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Lash v. PNC Bank, N.A.

United States District Court, D. Oregon

March 24, 2015

ANTHONY R. LASH, JR., Plaintiff,
PNC BANK, N.A. and CLEAR RECON CORP, a California Corporation, Defendants.

Benjamin D. Knaupp, GARLAND GRIFFITHS KNAUPP, 254 N First Avenue, Hillsboro, OR 97124. Of Attorneys for Plaintiff.

Stepehn P. Yoshida and Michael A. Yoshida, MARTIN BISCHOFF TEMPLETON LANGSLET & HOFFMAN LLP, 888 SW Fifth Avenue, Suite 900, Portland, OR 97204. Of Attorneys for Defendant PNC Bank, N.A.

Rochelle L. Stanford and Tracy J. Frazier, PITE DUNCAN LLP, 621 SW Morrison Street, Suite 425, Portland, OR 97205. Of Attorneys for Defendant Clear Recon Corp.


MICHAEL H. SIMON, District Judge.

Plaintiff, Anthony R. Lash ("Plaintiff" or "Lash"), brings this action against Defendants PNC Bank, N.A. ("PNC Bank") and Clear Recon Corp ("Clear Recon"). Before the Court is Defendant PNC Bank's Motion to Dismiss (Dkt. 4), Defendant Clear Recon's motion to join PNC Bank's Motion to Dismiss (Dkt. 8), and PNC Bank's Request for Judicial Notice (Dkt. 6). For the reasons that follow, Defendants motions are granted and this case is dismissed with prejudice.


A motion to dismiss for failure to state a claim may be granted only when there is no cognizable legal theory to support the claim or when the complaint lacks sufficient factual allegations to state a facially plausible claim for relief. Shroyer v. New Cingular Wireless Servs., Inc., 622 F.3d 1035, 1041 (9th Cir. 2010). In evaluating the sufficiency of a complaint's factual allegations, the court must accept as true all well-pleaded material facts alleged in the complaint and construe them in the light most favorable to the non-moving party. Wilson v. Hewlett-Packard Co., 668 F.3d 1136, 1140 (9th Cir. 2012); Daniels-Hall v. Nat'l Educ. Ass'n, 629 F.3d 992, 998 (9th Cir. 2010). To be entitled to a presumption of truth, allegations in a complaint "may not simply recite the elements of a cause of action, but must contain sufficient allegations of underlying facts to give fair notice and to enable the opposing party to defend itself effectively." Starr v. Baca, 652 F.3d 1202, 1216 (9th Cir. 2011). All reasonable inferences from the factual allegations must be drawn in favor of the plaintiff. Newcal Indus. v. Ikon Office Solution, 513 F.3d 1038, 1043 n.2 (9th Cir. 2008). The court need not, however, credit the plaintiff's legal conclusions that are couched as factual allegations. Ashcroft v. Iqbal, 556 U.S. 662, 678-79 (2009).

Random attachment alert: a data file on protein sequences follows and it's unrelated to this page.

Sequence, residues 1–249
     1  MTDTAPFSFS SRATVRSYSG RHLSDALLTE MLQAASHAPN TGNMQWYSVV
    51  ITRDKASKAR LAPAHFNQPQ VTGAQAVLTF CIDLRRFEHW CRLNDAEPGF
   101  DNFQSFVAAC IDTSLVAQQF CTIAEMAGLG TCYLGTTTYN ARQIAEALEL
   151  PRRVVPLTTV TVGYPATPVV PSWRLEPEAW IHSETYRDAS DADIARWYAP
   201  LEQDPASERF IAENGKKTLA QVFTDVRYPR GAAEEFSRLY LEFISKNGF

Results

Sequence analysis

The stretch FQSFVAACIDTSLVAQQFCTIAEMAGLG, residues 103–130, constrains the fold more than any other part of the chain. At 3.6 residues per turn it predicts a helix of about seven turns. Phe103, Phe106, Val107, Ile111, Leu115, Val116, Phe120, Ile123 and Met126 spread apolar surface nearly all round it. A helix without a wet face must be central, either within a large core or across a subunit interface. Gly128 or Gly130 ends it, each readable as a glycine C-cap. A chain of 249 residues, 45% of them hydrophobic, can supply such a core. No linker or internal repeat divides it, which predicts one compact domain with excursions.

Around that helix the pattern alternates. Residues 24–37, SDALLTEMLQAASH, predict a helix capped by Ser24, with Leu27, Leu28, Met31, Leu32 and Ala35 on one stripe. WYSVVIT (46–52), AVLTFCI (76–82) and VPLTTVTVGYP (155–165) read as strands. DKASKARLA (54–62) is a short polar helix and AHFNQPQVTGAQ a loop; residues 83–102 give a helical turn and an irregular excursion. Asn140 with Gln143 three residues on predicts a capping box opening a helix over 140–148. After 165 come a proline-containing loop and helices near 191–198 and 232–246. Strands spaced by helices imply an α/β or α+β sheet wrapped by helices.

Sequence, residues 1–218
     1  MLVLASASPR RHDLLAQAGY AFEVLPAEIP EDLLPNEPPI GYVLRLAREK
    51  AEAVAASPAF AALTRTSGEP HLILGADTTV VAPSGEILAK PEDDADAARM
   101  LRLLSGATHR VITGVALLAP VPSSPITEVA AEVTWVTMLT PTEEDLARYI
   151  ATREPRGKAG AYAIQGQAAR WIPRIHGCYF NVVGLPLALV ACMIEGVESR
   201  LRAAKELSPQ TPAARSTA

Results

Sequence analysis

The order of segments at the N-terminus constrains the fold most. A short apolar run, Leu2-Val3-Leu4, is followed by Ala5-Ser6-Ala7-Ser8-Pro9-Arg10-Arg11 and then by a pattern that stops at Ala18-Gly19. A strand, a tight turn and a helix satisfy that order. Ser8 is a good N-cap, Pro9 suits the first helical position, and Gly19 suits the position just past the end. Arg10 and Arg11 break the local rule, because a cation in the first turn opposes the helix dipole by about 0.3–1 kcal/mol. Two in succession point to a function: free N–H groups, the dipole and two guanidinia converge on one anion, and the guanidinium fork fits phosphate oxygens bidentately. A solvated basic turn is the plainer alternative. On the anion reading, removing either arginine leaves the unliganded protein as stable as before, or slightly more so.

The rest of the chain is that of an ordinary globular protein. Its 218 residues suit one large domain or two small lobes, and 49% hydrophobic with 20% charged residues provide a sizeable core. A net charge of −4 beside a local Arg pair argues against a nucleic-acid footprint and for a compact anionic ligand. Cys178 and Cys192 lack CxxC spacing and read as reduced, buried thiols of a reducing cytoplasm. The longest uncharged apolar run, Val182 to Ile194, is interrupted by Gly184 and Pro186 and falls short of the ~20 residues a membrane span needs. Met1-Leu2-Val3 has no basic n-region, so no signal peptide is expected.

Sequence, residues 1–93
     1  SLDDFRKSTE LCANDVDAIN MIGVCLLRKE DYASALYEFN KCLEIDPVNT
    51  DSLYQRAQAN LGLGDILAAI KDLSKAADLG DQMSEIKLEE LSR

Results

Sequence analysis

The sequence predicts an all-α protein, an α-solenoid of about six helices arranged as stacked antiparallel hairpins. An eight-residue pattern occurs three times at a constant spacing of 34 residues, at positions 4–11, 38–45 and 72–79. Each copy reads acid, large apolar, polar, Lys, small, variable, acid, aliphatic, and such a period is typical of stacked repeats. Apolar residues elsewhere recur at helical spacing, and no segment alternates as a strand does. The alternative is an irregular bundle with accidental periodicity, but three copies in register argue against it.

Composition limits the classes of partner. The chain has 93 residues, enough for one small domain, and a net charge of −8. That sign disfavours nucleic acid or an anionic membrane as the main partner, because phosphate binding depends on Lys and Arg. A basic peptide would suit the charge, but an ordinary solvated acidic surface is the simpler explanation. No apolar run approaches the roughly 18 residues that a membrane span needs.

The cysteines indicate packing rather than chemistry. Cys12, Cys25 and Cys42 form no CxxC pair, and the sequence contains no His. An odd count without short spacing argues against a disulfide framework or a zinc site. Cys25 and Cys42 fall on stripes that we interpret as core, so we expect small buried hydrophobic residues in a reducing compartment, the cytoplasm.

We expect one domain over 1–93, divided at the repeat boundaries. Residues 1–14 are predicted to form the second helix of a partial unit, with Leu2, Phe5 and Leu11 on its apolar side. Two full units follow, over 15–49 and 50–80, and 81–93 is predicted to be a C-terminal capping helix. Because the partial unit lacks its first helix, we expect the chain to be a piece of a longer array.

A complaint must contain sufficient factual allegations to "plausibly suggest an entitlement to relief, such that it is not unfair to require the opposing party to be subjected to the expense of discovery and continued litigation." Starr, 652 F.3d at 1216. "A claim has facial plausibility when the pleaded factual content allows the court to draw the reasonable inference that the defendant is liable for the misconduct alleged." Iqbal, 556 U.S. at 663 (citing Bell Atl. Corp. v. Twombly, 550 U.S. 544, 556 (2007)).


On August 27, 2007, Plaintiff obtained a $398, 000 construction loan from National City Bank[1] for the construction of a personal residence in Rhododendron, Oregon. The loan was secured by a Deed of Trust on the property naming National City Bank as beneficiary. The underlying promissory note was accompanied by a Construction Addendum that was also executed by Plaintiff. According to the terms of the Construction Addendum, Plaintiff agreed to pay only interest due on the loan during the construction of his home. The Construction Addendum also included a provision in which Plaintiff agreed to execute a Loan Modification Agreement setting the interest rate, payment amount, and due date of payments for the loan period following construction of the home. Plaintiff executed the required Loan Modification Agreement on October 8, 2008, after completing the construction of his home. The Modification Agreement required Plaintiff to pay interest only at a variable rate of five percent for 24 months. After 24 months, Plaintiff was required to pay the remaining principal balance.

According to Plaintiff's Complaint, because of lending conditions created by the 2008 financial crisis, Plaintiff had concerns about his ability to obtain refinancing to repay the remaining principal balance on the loan after the 24-month period ended. On October 2, 2008, Plaintiff emailed a National City Bank loan officer regarding Plaintiff's intent to refinance through a friend. Plaintiff sought alternative financing to pay the principal balance due on the loan, but was unsuccessful. Consequently, Plaintiff was unable to repay the full principal amount owed on November 1, 2010, as required by the Loan Modification Agreement. Despite Plaintiff's failure to repay the principal balance, PNC Bank accepted an interest-only monthly payment from Plaintiff on December 1, 2010. Thereafter, PNC Bank informed Plaintiff that it would no longer accept interest payments beyond the terms of the Loan Modification Agreement.